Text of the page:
A Stanford University doctor explains the possible cause of urticaria after recovering from COVID

PALO ALTO, CA (KGO) — Rashes and urticaria are some of the symptoms infectious disease professionals get calls about after people test negative for COVID.It may start on your knees or arms and move around your body.

“We’ve had a lot of calls about hives — specifically these bruises that look like really big mosquito bites — after people had COVID or during infection,” said Dr. Ann Liu, an infectious disease expert at Stanford University.

Liu says hives or a rash should not be interpreted as an allergy.”The virus stimulates the immune system,” she said.

Dr. Robert Turano of Allergy & Asthma Associates in Northern California has observed similar skin reactions during the recovery phase of the infection. He says this happens with COVID, but also with other viruses.

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“These are the patients who notice during the recovery phase, usually once the immune system has rebounded and is fighting the infection, that they start to have an outbreak of hives,” Turano said. Then he added, “They come and go. They will appear here. Then they will appear here.”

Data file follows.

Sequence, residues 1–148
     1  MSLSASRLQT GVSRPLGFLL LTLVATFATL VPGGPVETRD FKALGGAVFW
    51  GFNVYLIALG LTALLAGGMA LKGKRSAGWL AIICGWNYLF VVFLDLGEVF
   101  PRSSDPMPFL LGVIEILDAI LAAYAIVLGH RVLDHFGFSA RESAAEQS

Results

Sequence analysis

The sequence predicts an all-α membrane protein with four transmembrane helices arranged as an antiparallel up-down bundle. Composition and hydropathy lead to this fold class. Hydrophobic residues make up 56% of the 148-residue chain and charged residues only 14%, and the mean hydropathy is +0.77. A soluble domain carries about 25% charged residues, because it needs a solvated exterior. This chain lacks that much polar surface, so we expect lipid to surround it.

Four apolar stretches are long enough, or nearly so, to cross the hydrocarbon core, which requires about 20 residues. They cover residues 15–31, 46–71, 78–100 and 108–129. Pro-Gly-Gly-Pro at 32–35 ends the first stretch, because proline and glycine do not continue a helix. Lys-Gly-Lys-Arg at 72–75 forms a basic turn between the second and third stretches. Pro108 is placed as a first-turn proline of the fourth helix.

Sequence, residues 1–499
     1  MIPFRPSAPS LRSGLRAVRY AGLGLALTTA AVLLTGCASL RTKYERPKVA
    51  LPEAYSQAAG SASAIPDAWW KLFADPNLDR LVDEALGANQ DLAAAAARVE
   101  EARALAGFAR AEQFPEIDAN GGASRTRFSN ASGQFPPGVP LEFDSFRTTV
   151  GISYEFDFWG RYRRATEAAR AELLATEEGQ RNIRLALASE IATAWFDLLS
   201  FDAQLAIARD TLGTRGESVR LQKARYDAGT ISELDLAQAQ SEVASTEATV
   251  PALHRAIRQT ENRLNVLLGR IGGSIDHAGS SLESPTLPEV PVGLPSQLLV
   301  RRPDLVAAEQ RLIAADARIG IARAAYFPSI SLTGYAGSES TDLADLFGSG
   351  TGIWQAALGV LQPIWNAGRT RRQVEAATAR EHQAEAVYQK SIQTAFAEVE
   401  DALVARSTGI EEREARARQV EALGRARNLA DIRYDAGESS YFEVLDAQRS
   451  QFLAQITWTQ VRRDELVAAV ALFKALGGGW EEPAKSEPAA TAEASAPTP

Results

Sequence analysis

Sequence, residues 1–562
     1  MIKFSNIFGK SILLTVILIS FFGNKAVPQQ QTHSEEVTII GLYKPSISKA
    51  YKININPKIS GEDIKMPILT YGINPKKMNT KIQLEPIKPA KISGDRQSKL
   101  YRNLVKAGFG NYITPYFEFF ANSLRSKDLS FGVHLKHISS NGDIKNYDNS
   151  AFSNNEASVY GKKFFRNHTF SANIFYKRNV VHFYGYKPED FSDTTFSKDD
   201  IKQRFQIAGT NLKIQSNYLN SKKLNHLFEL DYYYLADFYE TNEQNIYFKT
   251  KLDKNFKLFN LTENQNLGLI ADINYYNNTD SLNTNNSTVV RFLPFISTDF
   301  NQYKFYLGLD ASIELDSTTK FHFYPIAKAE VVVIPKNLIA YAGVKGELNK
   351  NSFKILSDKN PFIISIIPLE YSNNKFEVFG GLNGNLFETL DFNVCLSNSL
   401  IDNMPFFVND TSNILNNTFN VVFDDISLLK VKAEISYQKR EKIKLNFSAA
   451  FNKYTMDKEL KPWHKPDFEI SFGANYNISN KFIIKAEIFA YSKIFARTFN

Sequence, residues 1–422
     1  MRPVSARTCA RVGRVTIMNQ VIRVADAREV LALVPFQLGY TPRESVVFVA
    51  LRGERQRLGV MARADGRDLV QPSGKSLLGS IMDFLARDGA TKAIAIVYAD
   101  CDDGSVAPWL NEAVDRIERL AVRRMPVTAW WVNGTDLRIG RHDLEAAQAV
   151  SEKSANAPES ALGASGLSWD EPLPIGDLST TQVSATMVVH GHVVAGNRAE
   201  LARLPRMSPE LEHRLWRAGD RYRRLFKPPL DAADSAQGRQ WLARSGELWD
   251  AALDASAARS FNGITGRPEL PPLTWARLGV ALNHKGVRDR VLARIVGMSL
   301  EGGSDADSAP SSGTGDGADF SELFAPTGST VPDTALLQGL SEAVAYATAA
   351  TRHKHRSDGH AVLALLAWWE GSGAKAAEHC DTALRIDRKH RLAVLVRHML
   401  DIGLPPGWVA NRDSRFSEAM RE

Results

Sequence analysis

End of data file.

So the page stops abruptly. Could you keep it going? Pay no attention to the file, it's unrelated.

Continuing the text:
Torrano recommends consulting with a medical professional, but says that in many cases these hives can go away with over-the-counter medications.

“If a patient takes simple antihistamines like Benadryl or Claritin or Allegra or something like that without a prescription, the hives often respond and fade until the medication is gone,” he said.

According to data from the Centers for Disease Control and Prevention, “rashes” are part of the list of symptoms of infection with the Corona virus.

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Pina almonds: “Why after testing negative do people start getting these rashes?”
Dr.. Leo: “Sometimes this happens when people are still actively infected, but more often it appears after the infection has cleared. Perhaps this is in part because the immune system is still fast, and the immune system is clearing the virus. And, while doing With that, a malfunction of the immune system can occur, leading to the appearance of a rash like this.”

In many cases, Torano says, these rashes can go away after two hours, but in some cases they may last several weeks.

“They usually go away in a few weeks. Up to six weeks are acute hives, or short-term hives. More than six weeks are long-lived hives. I’ve seen very few chronic cell patients after COVID,” he said.

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